Friday, December 20, 2019

Two Drunks Holding Each Other Up

When Studebaker and Packard merged in the late 1950's, people said it was like "two drunks holding each other up"  -  could the same be true for Peugeot and Fiat-Chrysler?

A reader asks me what I thought of the merger between Peugeot (PSA) and Fiat-Chrysler (FCA), and I repeated the mantra about Studebaker and Packard.  When the two ailing companies merged in the late 1950's, Packard had lost its way, and Studebaker was hemorrhaging cash.  Within a few years, the Packard name was gone (the last Packards, shown above, were merely re-badged Studebakers), and Studebaker hung on for a few more years until they too, cashed it in, in the mid-1960's.

What killed Studebaker and Packard?  Was it the "Big-3" trying to run them out of business?  Hardly.   The cost of R&D, not to mention just tooling up new models, was just too much for either company, alone or together.  In an era where car companies were introducing new models annually, and newer and more modern engines were appearing, Studebaker was still flogging chassis designs from before the war, and even old flathead engines.  The coming of emissions controls and auto safety standards would have surely sunk them, which is likely why the Board of Directors decided to cash it in, in later years.

Of course, it didn't help Studebaker any that their "generations of craftsmen" were a bunch of slackers willing to strike at the drop of a hat.   And no, painting the factory walls different colors didn't quite do the trick.  Makes about as much sense as the five foot high machine rule.

That, in short, is why I get a laugh out of people who believe that stupid "Tucker" movie or think the "Elio" three-wheeled car had a real shot at production.  There was no "big conspiracy" against Tucker, only reality.  After the war, Henry J, Kaiser, who was backed by millions of dollars of war profits and his existing shipbuilding, aluminum and steel industries, was unable to make a go of a "new" car company and himself had to fold his tent after a few years, exiting the auto business in 1955 and concentrating on the Jeep line.  He eventually sold even that, to American Motors.  Tucker?  He didn't stand a chance - not if Henry J. couldn't make it.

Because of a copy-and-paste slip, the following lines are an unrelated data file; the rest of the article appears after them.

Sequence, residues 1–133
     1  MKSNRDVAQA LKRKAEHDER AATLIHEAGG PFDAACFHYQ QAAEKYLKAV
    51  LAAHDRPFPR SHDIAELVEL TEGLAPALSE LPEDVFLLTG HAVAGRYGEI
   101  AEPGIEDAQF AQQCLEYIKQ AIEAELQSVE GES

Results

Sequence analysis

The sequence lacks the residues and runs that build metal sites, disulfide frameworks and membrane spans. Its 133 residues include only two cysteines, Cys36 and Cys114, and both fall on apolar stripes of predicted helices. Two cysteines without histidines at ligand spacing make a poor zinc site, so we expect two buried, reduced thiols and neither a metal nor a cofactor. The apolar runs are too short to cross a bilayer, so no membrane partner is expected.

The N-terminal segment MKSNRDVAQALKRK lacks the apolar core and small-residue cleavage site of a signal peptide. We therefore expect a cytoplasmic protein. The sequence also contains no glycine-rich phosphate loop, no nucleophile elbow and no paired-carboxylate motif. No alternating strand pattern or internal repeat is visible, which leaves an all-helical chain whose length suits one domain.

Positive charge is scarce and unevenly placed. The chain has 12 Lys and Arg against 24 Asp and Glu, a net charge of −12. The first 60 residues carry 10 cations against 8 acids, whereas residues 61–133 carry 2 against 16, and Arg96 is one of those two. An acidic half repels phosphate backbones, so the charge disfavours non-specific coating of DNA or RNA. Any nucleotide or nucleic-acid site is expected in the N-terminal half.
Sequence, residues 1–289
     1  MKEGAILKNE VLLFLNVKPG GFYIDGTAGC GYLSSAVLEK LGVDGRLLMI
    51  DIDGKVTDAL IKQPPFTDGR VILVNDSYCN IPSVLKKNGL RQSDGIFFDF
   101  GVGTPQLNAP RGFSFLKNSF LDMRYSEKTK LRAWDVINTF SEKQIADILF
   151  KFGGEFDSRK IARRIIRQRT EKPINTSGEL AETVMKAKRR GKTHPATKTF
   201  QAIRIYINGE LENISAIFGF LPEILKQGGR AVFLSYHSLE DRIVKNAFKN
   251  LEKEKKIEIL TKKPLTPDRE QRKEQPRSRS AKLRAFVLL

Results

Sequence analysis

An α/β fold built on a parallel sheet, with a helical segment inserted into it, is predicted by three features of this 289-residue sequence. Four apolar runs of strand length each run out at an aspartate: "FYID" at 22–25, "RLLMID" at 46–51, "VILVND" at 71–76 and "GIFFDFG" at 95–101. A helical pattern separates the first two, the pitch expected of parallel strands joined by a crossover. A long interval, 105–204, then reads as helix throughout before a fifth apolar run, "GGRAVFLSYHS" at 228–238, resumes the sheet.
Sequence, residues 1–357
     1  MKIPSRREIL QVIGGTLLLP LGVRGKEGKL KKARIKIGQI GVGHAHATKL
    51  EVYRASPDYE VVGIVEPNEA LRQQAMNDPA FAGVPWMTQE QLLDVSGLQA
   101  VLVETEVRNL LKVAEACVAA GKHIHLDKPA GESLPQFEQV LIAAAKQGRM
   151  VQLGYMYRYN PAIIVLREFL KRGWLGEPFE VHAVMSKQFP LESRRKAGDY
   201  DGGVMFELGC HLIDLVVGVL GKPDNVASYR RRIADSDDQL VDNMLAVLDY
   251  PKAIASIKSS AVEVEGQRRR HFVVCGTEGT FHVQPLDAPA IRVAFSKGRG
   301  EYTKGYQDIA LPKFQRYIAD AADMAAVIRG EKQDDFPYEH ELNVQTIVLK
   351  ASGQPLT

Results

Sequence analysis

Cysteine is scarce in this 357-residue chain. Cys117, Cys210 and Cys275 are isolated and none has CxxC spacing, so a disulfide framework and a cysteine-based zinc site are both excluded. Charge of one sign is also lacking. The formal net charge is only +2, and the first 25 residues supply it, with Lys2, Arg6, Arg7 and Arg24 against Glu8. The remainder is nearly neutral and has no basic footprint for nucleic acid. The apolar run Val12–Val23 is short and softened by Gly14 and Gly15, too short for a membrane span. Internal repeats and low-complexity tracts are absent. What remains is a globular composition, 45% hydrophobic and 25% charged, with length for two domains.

Today, it is even worse.  Ford and GM, who today sell about the same number of cars (how the mighty GM has fallen!) had to work together to develop their new 10-speed truck transmission and 9-speed FWD transaxle.   The cost of developing these high-tech transmissions was too much for some of the largest players in the auto industry.  Well, they used to be some of the largest players in the auto industry.

The merger of PSA and FCA will knock General Motors from the fourth largest auto manufacturer to the fifth.  You read that right - GM is no longer one of the "big 3" automakers, at least not worldwide.  How much longer the "big 3" remain big in the US remains to be seen.  GM has been shedding divisions over the years - selling its European operations to PSA only a year or so back.  Time was, we had assembly plants on every continent except Antarctica. Hell, we were even assembling "knock down" kits in Tehran.   Those were heady days.

Car Companies by Units Produced

RankCompanyCountry of HeadquartersVehicles Produced
2Volkswagen GroupGermany10,382,334
3Hyundai / KiaSouth Korea7,218,391